For us in Colorado, garlic usually comes out of the ground sometime during the last week of June to the first week of July. While that rough timeline may apply to a fairly large chunk of the lower 48, we can’t speak with confidence about states with significantly different climates from ours, so always ask your local growers at farmers’ markets about their timelines.
Since we grow mostly hardneck garlic varieties, we start the count down to harvest when the garlic scapes (garlic’s flower bulb) show up, almost always during the first week of June. Once the scape grows out until it curls around once we harvest the scapes, give the garlic one more deep watering, and then shut off all water to the garlic patch. Garlic will store better if you let it “dry down” or begin curing, in the ground. We allow the garlic to sit in the ground without water for around two weeks before actually beginning harvest. Harvest is almost always the first days of July.
If you have only softneck varieties which don’t produce a scape, you can mark your time to harvest by counting leaves. Knowing that we usually harvest around the first of July, we start counting garlic leaves in June. As garlic matures, the bottom leaves of plants start turning brown and curling down toward the stalk. When 7-8 green leaves are left on the majority of the plants, that’s the signal to cut off water. Harvest the softneck when 6-7 green leaves are left.
As we get closer to the harvest date, we regularly pull a head here and there to see both the size and the clove development. Ideally, you want nice-sized heads and fully developed cloves, but you don’t want the heads to stay in the ground so long that the cloves start to bulge out and separate from the head. If you see signs of cloves separating, they need to come out of the ground right away.
You’ll need good digging tools to pull your garlic. We generally use potato forks, but for small patches a standard shovel will work as well. Perhaps the biggest key to harvesting garlic: don’t puncture the heads. When digging garlic, set your shovel or fork several inches back from the plant, push it down deeply into the soil (you want to get deeper than the head of garlic) and lift the soil around the heads of garlic, along with the garlic itself. This will snap off the roots, allowing you to then simply grab the garlic by the stalk and shake off the excess soil.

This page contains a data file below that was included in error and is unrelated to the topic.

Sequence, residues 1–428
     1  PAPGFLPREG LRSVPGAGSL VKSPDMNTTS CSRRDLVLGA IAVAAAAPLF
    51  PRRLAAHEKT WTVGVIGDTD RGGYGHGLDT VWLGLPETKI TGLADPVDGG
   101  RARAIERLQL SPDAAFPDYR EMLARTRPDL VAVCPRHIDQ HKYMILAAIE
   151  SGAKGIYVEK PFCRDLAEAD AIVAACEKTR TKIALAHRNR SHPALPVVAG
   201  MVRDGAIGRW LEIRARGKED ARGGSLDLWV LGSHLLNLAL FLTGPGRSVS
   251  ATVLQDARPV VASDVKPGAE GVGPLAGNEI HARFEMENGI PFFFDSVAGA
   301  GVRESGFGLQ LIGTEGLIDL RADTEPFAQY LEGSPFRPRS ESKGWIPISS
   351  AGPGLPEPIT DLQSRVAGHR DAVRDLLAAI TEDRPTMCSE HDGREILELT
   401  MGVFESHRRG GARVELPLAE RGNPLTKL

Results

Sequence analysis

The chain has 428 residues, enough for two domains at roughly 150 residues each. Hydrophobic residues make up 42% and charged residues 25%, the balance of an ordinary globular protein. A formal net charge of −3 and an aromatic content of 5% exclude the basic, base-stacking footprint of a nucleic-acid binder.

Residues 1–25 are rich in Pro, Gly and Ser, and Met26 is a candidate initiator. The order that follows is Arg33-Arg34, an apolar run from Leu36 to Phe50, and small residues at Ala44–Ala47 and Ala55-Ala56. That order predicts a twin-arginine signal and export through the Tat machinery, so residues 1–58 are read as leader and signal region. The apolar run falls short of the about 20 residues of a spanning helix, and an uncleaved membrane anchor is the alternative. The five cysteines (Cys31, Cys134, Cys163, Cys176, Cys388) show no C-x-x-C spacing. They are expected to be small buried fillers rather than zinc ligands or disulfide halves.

Once pulled from the ground, garlic should be immediately moved into the shade, as fresh garlic can sunburn, which will affect its storage capability.
Even taking care, we inevitably puncture a few heads every harvest. Garlic damaged during harvest is perfectly good to eat, but will not keep. Take it back to the kitchen, clean it, and store it in the refrigerator for use within a week.
The garlic you pull from the ground will not just miraculously cure into the dried bulbs like those in the grocery store. In order to cure, garlic should be hung in a shaded, dry location, with air movement. Hot, dry, and breezy is ideal. Out of direct sunlight is mandatory. In Colorado, our climate works beautifully for this. Barns and sheds work great…but so do covered patios and garages.
Garlic should be disturbed as little as possible before curing, so do not clean garlic before drying it. Simply shake off the largest clumps of soil, and leave the rest to hang.
Tie the garlic in small bunches and hang. We hang ours in daisy chains of 10 groups of 10 heads each to make it easy for counting (see photo), but most backyard gardeners won’t need to worry about that quantity. However, keeping the hanging bunches to about 10 heads reduces the chance of them molding as they dry. The more leaves you have bunched together, the more moisture is crammed in there and the greater chance of mold. Our climate is so dry, we have never had mold issues, but this is an important consideration in more humid areas.
Depending on your drying location (and, largely, on your climate) garlic will take 2-4 weeks to dry down. At any point during this process, you can still be eating it! Just cut the heads down as you need them, peel, and eat.
One the stalks of garlic are completely dried down, showing no signs of green through the middle, and the outside of the garlic is dry and papery to the touch, the garlic is ready to take down. Cut off the stalks a half inch to an inch above the head and brush off any remaining soil. If your garlic is for home use, this is enough of a cleaning. If you want it to look exceptionally pretty (as we do for market) you can carefully peel off the outmost layer of skin, leaving the clean, unblemished layer exposed. However, if you choose to do this, take care to remove only the outer layer. Removing too much of the dried skin will affect storage life. In general, the less you mess with the cured heads of garlic, the longer they will store, so if you can handle a slightly dirty head of garlic, that’s best!
Store garlic in a dry area, out of direct sunlight, where it has some air circulation. We keep all of our heads without stalks (hardneck and any softneck that we don’t braid) in baskets in the kitchen and pantry. Garlic braids can be hung anywhere out of direct sunlight from the windows and away from heat (not by the stove!)
Hardneck varieties should last about five months from harvest and softneck about 9 months, so peel, eat, and enjoy!